Tracking the Economic Slowdown

The media's coverage of the troubled economy has shifted repeatedly in the last year from a narrative about mortgages to one about recession, a banking crisis and now largely gas prices -- a changing storyline and one that differs from medium to medium.

Moreover, the connection between media coverage and economic events has often been uneven. Sometimes, coverage has lagged months behind economic activity, when the storyline was dependent on government data. Other times, coverage has tracked events erratically, as with housing and inflation. But when the story is easier to tell, as in the case of gas prices, coverage has been closely tied to what is actually occurring in the marketplace.

These are some of the findings of a new detailed examination of how the American news media have covered the economic slowdown over the last two years, produced by the Pew Research Center's Project for Excellence in Journalism.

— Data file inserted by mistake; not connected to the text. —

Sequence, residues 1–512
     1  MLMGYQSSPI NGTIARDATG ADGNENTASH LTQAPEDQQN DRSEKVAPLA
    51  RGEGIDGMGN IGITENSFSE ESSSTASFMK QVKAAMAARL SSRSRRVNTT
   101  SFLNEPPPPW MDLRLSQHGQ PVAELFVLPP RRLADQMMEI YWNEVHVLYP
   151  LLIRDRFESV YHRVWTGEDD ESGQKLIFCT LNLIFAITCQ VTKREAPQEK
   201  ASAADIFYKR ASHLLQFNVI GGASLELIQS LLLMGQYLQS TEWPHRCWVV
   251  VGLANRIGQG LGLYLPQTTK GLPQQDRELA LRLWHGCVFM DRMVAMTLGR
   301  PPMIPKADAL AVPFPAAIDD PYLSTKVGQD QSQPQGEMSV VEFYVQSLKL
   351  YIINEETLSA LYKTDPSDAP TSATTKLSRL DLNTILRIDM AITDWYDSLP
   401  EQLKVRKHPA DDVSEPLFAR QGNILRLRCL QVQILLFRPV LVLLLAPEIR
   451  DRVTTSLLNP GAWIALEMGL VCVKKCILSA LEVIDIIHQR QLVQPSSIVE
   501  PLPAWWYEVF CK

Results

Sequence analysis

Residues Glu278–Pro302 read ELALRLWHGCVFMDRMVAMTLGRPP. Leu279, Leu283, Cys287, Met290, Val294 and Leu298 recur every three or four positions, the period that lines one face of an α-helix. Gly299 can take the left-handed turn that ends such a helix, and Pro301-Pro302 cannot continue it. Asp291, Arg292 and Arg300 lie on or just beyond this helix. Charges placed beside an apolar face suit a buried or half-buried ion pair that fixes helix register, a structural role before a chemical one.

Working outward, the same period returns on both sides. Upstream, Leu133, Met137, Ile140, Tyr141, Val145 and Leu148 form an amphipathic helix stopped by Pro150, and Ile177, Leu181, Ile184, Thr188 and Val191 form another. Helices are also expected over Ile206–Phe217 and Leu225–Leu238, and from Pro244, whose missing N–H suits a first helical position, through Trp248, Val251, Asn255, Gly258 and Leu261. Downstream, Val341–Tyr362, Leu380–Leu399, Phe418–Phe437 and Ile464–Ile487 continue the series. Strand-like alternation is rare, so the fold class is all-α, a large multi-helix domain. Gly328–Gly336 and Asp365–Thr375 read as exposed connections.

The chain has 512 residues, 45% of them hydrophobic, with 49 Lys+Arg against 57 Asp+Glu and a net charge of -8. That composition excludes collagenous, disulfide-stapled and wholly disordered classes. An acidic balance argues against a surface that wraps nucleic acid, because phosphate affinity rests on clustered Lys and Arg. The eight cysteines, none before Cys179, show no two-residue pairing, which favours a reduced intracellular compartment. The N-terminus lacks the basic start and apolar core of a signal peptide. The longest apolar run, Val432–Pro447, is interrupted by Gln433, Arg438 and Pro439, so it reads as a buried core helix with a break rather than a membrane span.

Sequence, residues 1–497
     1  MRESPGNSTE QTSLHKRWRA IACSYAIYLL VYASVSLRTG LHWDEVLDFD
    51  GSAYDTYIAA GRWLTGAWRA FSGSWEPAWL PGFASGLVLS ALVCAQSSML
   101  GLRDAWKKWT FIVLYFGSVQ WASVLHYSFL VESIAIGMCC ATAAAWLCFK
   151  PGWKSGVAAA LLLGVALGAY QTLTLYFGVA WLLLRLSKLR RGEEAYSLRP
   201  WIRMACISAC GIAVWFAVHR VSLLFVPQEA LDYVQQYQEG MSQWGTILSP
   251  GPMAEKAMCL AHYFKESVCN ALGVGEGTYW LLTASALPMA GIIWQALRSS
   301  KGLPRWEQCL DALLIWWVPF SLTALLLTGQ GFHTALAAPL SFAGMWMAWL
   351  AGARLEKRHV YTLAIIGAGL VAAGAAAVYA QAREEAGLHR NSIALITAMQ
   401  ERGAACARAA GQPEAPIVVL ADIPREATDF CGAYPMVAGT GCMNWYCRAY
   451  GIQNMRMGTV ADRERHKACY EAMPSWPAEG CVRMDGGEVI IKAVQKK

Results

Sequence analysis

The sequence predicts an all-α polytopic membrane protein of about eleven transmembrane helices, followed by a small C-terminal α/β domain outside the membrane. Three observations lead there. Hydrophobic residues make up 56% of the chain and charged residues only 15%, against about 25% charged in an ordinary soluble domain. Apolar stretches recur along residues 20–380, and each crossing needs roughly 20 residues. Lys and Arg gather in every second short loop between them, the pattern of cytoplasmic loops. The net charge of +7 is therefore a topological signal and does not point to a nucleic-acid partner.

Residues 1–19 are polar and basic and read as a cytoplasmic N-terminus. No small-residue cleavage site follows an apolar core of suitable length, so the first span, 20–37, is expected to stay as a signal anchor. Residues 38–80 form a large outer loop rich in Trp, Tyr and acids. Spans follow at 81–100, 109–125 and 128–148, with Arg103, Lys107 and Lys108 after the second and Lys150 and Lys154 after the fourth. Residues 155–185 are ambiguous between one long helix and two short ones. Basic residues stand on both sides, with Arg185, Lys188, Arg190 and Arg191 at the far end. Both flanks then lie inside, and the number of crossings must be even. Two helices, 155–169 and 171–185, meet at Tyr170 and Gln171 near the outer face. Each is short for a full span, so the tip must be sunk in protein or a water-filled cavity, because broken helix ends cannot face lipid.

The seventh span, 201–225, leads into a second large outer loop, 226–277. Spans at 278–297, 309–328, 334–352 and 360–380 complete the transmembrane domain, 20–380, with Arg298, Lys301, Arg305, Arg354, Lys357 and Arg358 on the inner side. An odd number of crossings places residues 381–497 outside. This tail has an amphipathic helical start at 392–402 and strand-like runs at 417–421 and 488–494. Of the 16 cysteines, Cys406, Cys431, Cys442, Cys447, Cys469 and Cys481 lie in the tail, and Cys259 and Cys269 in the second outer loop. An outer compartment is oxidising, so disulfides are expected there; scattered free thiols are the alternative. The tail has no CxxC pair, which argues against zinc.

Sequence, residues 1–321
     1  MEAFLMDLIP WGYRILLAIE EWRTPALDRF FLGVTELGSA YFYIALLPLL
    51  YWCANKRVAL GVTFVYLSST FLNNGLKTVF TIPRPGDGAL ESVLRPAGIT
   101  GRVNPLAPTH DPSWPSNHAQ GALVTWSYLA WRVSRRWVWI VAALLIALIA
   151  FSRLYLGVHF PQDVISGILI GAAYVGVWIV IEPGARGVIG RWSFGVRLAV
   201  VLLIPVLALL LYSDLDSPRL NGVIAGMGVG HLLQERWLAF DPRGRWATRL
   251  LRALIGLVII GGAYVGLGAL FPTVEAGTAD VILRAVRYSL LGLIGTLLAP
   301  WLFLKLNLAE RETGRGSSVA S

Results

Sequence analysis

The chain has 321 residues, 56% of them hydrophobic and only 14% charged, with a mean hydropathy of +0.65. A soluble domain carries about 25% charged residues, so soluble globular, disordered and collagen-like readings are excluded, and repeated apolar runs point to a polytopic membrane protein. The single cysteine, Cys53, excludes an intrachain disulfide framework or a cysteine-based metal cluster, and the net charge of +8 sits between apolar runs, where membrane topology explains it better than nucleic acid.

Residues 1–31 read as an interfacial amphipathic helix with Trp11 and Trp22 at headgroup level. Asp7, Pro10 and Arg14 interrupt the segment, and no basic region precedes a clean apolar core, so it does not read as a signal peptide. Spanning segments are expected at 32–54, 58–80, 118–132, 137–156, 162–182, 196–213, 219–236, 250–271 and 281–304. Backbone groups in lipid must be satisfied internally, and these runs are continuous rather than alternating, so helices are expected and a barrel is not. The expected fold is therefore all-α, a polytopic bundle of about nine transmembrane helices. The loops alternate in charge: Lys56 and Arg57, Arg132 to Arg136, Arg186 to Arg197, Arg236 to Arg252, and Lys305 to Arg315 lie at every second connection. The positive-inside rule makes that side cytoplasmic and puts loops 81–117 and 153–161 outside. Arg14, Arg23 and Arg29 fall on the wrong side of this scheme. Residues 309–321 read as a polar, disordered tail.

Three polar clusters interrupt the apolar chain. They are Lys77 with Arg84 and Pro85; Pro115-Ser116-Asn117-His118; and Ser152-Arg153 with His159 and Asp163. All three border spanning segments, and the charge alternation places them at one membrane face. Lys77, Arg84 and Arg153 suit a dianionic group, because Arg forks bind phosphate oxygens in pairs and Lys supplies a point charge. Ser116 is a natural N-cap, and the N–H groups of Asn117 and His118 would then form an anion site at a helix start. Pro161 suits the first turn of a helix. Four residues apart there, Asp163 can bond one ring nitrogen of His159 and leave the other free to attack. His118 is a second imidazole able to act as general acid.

The economy has been a bigger story in older media -- print, the three network evening newscasts and traditional news radio -- and a noticeably smaller one in the newer -- the more opinion-oriented platforms of cable TV and talk radio.

The relationship between media coverage and public concerns about the economy is a complex one. Going back to late 2007, Americans' attention to the issue generally outstripped the level of media interest. While the public considers the economy its No. 1 concern, for instance, the media have been far more interested in the presidential campaign -- by a factor of nearly 5-to-1 between January 2007 and June 2008. But it's also true that public attention to the story and pessimism about the state of the economy both grew as the media began to pay more attention in 2008.

The Project for Excellence in Journalism's study is based on an analysis of more than 5,000 economic stories from January 1, 2007, through June 30, 2008, drawn from approximately 1,955 hours of programming on the three major cable news channels, 1369 on network morning and evening TV, 978 on radio, and 469 days' editions of 21 different newspapers, and the five leading news websites, some 48 different news outlets in all.

Read the full report Tracking the Economic Slowdown on the Pew Research Center's Project for Excellence in Journalism Web site.

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